Review: Blair Witch VR on Oculus Rift S Rarely Delivers

Screenshot: Blair Witch VR I wasn’t big into horror in my childhood years--maybe it’s because I’m easily scared. Even so though, when The Blair Witch Project came out, I saw it. Hardly anyone didn’t go for that downward spiral of a hike through the woods and even less people weren’t at least a little freaked out by it. It had good tension and pacing and built up to those final big well-earned scares. Even if it’s been a while, The Blair Witch Project was a household name and so, when Blair Witch VR came out, I suspected it might be an interesting new addition to the “franchise” as it were. After all, VR is already such an isolation chamber, something that can be eerie on its own--it’d be easy to pack in the scares and really get my heart rate up. Well, it didn’t turn out that way, unfortunately.  We’ve reviewed Blair Witch before here, both in VR and not, so I had an idea of what to expect. In Blair Witch VR you play as Ellis, a combat veteran with PTSD, who, along with his dog Bullet, are joining the search for nine year old Peter, who went missing in the Black Hills Forest--the very same one those kids died in all those years ago, and which is of course, reportedly the domain of the Blair Witch.  Screenshot: Blair Witch VR After some unnecessarily long front loaded cut scenes, you’re thrown out into the forest for a prologue that also serves as a tutorial. The search is already underway, and though there’s signs of the search party, there’s no one left to greet you, so you must gather some rudimentary supplies and clues on your own.  This is the first place I had a problem with Blair Witch VR, as about two minutes in, I realized it was making me motion sick. What’s strange about that, is that Blair Witch VR has a pretty robust range of options in its settings to avoid this, including teleportation (which I use by default in VR games) and that nebulous “comfort” setting. I think one of the things that set me up for the motion sickness was the cut scenes I didn’t skip for story purposes coming in. Unfortunately, though they’re cinematographically pretty, there’s a lot of spinning and weird angles that make you feel, well, queasy. I thought that might even subside after a bit, but movement is janky, and it’s easy to overrotate when trying to turn your view, and both of those factors made it worse. Eventually, I decided to try seated mode rather than standing, and that seemed to help a little, but not enough to make me have to play in smaller chunks.  Screenshot: Blair Witch VR There’s a lot of moving parts to the VR gameplay. Your hip holsters a cell phone, so you can relive the tragic story of you and your ex girlfriend/wife even while you try not to get killed by a supernatural being or a murderer in the woods, a walkie talkie so you can hear other people potentially dying or those very necessary witch whispers, and a whistle to control Bullet. Later on you’ll get a video camera too. As I’ve found with other VR games in the past, this is all pretty clunky. As good as VR technology is already, in a lot of cases, and definitely in Blair Witch VR, grabbing something from your hip may prove difficult. You know where your actual hip is, but the game doesn’t know where that is, at least not super accurately. Similarly, when I’d reach for the walkie on my shoulder, it’d often give me the whistle for Bullet which was supposedly hanging down around my neck. This makes for a lot of dumb fumbling and mars the experience.  Or, it would, if there was much of an experience to have in the first place. The thing about Blair Witch VR is that it’s rather tedious. Most of the time you’re just walking in the woods, chasing a lead that Bullet has probably found, and finding spooky things, like those stick figures and some carvings. There’s a couple of calls to ‘base’ and some flashbacks, and some phone calls that are supposed to build a world and help you feel something for the characters, but mostly, you don’t. I think I most cared about Bullet and if he’d be okay. As for scares, sometimes in the tedium I’d convince myself I heard things but my own mind was better at building tension than the game was. Add to this a few places where you literally have to walk around in circles before an event triggers and you’ve also got frustrating “puzzles” that aren’t actually puzzles that take you right out of your scared little brain.  Screenshot: Blair Witch VR Something else that makes immersion hard is the poor graphics and poor draw distance, something we saw in the Index version that’s also true here, but even moreso. There’s a sort of darkness that just hangs out in the background until you get close enough for it to fill in you can tell isn’t really a design choice. Overall, it just doesn’t look great. On top of this, responsiveness can be pretty bad. On my first run, I got inextricably stuck in a fence because I teleported on top of it. It ended the run, as there was no way to unstick. In another case, I got really wigged out when it seemed like something supernatural and terrible was manipulating Bullet, only to realize that I accidentally hit the “Snack” command on the whistle over 2 minutes earlier and he was standing on his back feet to get a treat that’d long been gone from my hand.  Overall, I didn’t really care about the story, the scares were cheap or nonexistent, there was a lot of unnecessary issues with teleportation, and just in general I found myself wanting to get through it as quickly as possible because at the end of the day, it wasn’t really any fun, or much of a great horror experience. Since everyone’s tolerance and idea of horror is different, I’d tend to say your miles may vary, but with a good amount of glitches and high motion sickness factor even with the comfort settings turned on, I’d say it’s not a game I recommend regardless.   Blair Witch VR is available now on Oculus Rift S.       If you like the video game, tabletop, or other technology content that Third Coast Review has to offer, consider donating to our Patreon. We are the only publication in Chicago that regularly reviews video games, and we cover lots of local Chicago-based events and more. If you want to contribute to our coverage of Chicago’s video game scene (and more) please consider becoming a patron. Your support enables us to continue to provide this type of content and more. You can also catch us streaming games we’re reviewing and staff favorites on our Twitch channel.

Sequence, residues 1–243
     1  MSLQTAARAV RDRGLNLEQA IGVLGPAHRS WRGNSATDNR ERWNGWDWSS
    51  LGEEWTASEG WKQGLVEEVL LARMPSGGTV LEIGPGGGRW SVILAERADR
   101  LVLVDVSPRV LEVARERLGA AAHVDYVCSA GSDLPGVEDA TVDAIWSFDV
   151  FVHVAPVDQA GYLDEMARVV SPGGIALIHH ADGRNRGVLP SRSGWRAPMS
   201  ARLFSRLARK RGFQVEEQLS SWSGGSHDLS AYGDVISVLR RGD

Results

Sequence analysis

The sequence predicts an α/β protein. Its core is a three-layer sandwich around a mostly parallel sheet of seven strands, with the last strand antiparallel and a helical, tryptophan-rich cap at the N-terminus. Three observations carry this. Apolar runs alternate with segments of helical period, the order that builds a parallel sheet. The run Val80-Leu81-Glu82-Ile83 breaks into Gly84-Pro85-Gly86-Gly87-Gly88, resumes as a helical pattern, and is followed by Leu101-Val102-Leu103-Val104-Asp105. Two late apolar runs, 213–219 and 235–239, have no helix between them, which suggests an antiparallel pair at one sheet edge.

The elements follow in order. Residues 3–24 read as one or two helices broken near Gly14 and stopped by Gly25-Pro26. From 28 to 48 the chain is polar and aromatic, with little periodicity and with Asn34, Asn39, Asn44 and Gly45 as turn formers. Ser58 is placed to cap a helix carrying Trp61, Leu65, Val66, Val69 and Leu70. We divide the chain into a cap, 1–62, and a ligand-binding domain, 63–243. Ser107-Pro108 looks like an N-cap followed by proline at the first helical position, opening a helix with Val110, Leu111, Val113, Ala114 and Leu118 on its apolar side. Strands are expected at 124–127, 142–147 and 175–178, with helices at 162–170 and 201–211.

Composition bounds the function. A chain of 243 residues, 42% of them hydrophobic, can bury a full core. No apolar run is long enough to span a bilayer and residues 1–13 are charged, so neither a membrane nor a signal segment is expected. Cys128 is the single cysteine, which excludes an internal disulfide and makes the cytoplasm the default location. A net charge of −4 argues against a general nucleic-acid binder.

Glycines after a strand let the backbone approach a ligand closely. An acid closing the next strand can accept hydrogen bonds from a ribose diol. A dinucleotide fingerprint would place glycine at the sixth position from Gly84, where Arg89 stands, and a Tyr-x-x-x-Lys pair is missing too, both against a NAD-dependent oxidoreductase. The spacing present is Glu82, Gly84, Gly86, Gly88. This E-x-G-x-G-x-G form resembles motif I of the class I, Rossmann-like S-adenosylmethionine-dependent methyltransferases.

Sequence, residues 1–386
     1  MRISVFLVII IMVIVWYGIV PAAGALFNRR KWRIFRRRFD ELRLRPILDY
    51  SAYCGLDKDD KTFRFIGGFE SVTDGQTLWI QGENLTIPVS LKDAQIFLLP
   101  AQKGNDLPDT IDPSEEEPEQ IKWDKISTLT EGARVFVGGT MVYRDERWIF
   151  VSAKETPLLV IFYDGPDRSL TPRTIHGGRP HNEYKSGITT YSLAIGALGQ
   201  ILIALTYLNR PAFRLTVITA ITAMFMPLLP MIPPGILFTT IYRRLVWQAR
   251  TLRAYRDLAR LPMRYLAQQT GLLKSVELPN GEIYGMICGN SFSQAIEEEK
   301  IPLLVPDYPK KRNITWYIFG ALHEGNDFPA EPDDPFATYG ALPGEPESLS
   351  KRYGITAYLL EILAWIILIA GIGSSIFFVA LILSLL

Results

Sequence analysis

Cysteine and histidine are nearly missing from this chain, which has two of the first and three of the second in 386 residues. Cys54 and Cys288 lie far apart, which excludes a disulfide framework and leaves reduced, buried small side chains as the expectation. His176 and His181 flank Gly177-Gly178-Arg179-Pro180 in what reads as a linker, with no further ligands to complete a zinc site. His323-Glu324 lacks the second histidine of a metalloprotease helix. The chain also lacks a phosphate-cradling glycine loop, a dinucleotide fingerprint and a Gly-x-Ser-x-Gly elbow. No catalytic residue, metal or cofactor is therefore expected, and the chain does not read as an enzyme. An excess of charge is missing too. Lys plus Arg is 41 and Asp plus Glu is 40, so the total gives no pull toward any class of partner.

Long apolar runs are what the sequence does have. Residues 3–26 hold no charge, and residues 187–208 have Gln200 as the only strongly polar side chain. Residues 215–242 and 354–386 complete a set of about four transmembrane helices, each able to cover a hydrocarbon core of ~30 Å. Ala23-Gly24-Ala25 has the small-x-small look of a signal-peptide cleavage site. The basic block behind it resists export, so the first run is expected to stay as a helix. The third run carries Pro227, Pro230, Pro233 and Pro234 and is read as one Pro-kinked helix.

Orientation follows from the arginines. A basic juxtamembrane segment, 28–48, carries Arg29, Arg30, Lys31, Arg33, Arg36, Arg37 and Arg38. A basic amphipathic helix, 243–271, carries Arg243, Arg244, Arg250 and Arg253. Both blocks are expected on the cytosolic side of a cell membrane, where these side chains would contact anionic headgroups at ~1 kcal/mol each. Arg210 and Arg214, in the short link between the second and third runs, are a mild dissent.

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Marielle Bokor